This policy document is here - Commonwealth Bank Injury Cash Protection Policy and Injury Cash Protection Policy Change Summary.
This policy document is here - Commonwealth Bank Accident Protection.
The wording which is specifically relevant is that relating to Daily Bed Confinement benefit (page 18 and 6 of the Injury Cash policy document and page 10 and 20 of the Accident Protection Policy).
I agree with @TheBBG, that it may be appropriate to gain advice from a specialist lawyer and that such lawyers are likely to have significant costs to recoup any benefit, if it is found to be payable. I would suggest that if you do go down the path of speaking to a lawyer, see if you can have a fee free initial consultation whereby you can explain your circumstance and also gain a fee schedule/estimate of fee from them.
It is likely that an estimate is needed to review and provide advice on your circumstances, which could include sending letter of claim to the bank from the lawyer. Additional estimates should also be given for follow up action such as making a claim through a tribunal or court.
Both these can can quite expensive as it is likely that the bank will entertain a process where a number of letters are sent requiring response. Each response and subsequent response will be at your cost.
With a small claim of say $10,000 which you outlined, you have to think whether you pursue the claim as a matter of principle (where costs are not relevant), whether your claim is likely to be successful and financially better than the current offer or whether the amount offered by the Commonwealth Bank is accepted based on the costs of pursing for a more modest amount.
Not withstanding this, it may be worth making a submission into the Financial Services Royal Commission, The link to public submission for an information on how to lodge can be found on this page - Royal Commission into Misconduct in the Banking, Superannuation and Financial Services Industry Homepage.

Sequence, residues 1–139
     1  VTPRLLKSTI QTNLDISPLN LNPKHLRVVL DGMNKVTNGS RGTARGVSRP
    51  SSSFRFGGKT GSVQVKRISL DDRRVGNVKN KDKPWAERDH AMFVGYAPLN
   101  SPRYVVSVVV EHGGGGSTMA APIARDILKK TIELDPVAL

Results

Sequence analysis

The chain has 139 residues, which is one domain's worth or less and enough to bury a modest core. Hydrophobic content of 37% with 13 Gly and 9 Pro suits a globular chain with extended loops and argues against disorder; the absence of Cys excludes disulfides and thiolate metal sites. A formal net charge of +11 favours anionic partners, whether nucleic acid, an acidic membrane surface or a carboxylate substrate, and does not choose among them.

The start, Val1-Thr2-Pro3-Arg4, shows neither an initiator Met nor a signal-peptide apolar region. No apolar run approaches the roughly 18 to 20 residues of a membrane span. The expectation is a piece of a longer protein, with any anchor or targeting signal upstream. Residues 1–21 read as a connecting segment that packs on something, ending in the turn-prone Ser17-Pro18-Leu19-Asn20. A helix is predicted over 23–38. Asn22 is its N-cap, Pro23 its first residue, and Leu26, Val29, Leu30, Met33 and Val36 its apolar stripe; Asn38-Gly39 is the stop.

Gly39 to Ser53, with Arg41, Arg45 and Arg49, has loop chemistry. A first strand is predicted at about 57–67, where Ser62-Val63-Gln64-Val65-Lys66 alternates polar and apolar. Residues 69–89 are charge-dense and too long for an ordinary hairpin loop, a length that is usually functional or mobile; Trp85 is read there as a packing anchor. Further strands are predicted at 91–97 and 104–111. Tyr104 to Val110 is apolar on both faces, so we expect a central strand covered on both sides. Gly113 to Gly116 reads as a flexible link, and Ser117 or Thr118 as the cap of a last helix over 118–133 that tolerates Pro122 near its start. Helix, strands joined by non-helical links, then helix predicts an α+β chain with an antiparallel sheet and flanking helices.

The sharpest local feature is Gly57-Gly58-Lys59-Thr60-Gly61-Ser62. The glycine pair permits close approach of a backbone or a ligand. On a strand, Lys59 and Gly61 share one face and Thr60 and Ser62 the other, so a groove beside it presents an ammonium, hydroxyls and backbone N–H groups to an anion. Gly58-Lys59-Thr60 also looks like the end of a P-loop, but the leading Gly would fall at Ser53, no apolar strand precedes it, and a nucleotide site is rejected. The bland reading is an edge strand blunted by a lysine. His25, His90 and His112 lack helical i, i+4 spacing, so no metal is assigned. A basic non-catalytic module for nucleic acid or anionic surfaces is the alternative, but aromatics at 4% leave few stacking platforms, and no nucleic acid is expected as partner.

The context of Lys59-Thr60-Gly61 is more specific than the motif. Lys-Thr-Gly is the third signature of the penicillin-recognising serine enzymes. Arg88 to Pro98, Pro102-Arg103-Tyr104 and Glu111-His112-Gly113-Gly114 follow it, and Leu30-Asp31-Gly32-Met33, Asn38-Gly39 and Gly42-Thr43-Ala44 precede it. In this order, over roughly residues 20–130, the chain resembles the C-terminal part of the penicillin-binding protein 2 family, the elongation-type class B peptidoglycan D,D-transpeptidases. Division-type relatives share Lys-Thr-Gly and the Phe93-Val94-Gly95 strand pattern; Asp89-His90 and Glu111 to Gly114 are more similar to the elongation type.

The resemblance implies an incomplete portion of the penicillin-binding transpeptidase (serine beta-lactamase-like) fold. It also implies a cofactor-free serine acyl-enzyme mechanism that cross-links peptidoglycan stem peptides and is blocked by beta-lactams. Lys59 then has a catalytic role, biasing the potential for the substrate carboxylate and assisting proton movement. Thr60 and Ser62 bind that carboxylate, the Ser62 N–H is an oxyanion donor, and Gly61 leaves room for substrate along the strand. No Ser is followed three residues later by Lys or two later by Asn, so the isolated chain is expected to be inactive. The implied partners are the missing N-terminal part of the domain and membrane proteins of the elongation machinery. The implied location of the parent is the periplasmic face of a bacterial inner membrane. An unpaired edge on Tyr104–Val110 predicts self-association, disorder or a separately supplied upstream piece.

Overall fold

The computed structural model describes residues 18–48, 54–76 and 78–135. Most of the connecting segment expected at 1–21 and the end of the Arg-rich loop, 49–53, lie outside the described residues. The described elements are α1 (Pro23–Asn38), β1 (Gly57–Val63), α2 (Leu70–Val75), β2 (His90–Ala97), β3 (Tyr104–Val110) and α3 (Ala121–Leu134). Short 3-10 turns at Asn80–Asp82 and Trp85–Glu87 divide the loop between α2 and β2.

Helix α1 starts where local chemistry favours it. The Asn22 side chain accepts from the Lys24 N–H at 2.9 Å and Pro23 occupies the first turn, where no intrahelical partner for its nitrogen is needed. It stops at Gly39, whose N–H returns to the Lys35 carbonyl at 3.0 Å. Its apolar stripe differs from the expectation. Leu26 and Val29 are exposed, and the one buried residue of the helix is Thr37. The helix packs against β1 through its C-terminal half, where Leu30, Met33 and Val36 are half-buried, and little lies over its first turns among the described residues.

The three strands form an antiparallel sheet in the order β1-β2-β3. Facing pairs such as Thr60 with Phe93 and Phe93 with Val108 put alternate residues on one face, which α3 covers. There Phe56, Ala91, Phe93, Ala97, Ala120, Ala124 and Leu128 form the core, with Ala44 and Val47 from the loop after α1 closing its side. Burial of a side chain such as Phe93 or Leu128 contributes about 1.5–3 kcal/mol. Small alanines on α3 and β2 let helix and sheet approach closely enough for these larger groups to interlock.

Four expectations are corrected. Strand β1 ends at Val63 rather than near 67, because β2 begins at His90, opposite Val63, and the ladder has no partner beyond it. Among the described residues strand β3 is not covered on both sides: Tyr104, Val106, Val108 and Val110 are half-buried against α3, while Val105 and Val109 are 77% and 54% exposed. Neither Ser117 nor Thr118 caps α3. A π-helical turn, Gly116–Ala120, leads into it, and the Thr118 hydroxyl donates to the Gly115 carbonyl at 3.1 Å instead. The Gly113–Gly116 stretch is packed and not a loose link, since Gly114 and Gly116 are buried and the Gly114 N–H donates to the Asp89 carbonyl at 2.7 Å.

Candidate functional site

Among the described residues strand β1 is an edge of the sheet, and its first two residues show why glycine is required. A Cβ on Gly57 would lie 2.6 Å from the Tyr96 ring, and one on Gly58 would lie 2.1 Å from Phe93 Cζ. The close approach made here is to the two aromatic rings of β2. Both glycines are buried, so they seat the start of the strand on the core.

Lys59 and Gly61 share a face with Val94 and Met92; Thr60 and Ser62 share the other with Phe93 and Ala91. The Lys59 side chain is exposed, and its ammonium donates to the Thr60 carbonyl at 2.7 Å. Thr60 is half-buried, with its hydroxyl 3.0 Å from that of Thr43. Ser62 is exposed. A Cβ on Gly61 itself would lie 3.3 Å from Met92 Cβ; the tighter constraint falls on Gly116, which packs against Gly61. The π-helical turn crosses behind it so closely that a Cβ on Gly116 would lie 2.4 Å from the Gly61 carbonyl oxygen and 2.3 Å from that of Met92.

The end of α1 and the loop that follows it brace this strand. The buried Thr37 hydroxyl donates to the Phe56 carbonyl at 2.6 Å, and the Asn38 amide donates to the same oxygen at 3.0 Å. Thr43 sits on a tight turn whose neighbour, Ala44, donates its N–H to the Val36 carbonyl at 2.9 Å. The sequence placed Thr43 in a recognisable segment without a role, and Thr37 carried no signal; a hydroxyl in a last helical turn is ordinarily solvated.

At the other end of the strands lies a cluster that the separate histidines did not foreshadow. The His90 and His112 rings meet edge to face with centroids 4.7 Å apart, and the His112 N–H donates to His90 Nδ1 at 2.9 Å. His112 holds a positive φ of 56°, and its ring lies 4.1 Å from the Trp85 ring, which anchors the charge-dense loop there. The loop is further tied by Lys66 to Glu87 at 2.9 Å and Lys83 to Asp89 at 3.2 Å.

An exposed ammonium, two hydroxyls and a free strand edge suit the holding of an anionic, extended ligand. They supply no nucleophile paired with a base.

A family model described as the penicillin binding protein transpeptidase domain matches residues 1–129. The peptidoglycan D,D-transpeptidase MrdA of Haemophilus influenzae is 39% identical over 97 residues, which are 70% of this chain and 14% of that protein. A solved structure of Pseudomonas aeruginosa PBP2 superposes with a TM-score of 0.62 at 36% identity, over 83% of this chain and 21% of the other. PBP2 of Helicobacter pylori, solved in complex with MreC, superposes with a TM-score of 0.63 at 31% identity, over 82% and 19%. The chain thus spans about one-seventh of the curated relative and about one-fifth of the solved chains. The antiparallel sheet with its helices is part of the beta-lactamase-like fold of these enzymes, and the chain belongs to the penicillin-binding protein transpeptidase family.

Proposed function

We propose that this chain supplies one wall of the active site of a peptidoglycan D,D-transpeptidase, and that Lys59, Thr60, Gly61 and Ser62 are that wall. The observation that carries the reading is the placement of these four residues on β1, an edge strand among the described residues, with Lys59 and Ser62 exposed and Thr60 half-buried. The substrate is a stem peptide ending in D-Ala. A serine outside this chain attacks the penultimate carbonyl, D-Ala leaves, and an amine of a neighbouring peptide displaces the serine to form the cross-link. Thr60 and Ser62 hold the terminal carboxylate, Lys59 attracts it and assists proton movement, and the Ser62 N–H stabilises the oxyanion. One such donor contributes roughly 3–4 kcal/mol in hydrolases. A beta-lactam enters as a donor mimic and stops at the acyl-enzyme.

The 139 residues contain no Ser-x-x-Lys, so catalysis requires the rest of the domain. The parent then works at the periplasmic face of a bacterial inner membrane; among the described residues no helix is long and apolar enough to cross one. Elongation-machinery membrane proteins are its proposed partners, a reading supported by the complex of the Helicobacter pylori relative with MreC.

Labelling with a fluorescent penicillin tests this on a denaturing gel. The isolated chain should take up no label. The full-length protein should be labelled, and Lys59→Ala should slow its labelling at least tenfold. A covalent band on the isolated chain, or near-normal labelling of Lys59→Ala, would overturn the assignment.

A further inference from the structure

This is possibly of an example of a financial institution offering services without the purchaser being fully aware of or understands the limitations associated with the purchased product. I am for one to purchase such products, but the purchase decisions should be made by the purchaser knowing all about the product being sold. The purchaser should also be able to explore alternative products from other providers to see which product best suits ones needs.
The hard sell by many financial institutions, leads to the sale of products to individuals which is either unwanted or unsuitable based on the circumstances. Even going to any bank one is offered "would you like fries with that' type questions from the bank teller, such as 'do you have a home loan', 'do you have house, car or content's insurance' to 'do you need a personal injury insurance'.... Such is possibly driven by banking employee KPIs to achieve bonuses rather than what is in the best interests of the customer.